Date of this Version
Journal of Political Economy Jun 1920, Volume 28, Issue 6, pp. 477 - 498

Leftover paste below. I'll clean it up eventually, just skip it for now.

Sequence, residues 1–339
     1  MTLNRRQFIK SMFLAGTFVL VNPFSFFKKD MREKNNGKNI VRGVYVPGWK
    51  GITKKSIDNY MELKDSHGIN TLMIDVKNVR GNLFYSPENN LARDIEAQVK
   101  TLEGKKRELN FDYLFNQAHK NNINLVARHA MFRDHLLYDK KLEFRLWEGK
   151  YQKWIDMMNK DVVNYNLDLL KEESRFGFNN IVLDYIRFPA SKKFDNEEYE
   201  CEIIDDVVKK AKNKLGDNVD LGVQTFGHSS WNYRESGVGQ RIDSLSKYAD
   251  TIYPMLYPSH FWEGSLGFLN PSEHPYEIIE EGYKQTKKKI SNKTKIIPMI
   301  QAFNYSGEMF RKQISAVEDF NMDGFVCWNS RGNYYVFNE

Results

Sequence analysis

"Cut out the middleman." Thus runs the slogan adopted by a conference of representatives of farm and labor organizations held in Chicago a few weeks ago. Perhaps no one of the many suggestions for reducing the high cost of living is more popular or more prevalent at the present moment than this one which recommends the elimination of the middleman. The American Farm Bureau Federation, a national organization with executive committee members from Massachusetts to Calitfornia, charges that the high prices paid by the consumer are altogether disproportionate to the prices received by the producer and that the middleman is the guilty party. Believing that it is hopeless to wait for governmental relief from "the merciless exploitation to which they are now subjected by the profiteers," the Plumb Plan League called an all-American farmer and labor co-operative commission to meet in Chicago February 12, 1920. At this meeting several hundred delegates from farmer organizations and various branches of the American Federation of Labor sought to institute a plan for direct dealing between farm producers and city consumers. The United States Council of National Defense, composed of the Secretaries of War, Navy, Interior, Agriculture, Commerce, and Labor, having made a careful investigation of the high-cost-of-living problem, recently reported to the public its findings and the remedies needed. The idea of co-operation is conspicuous in all of the proposals.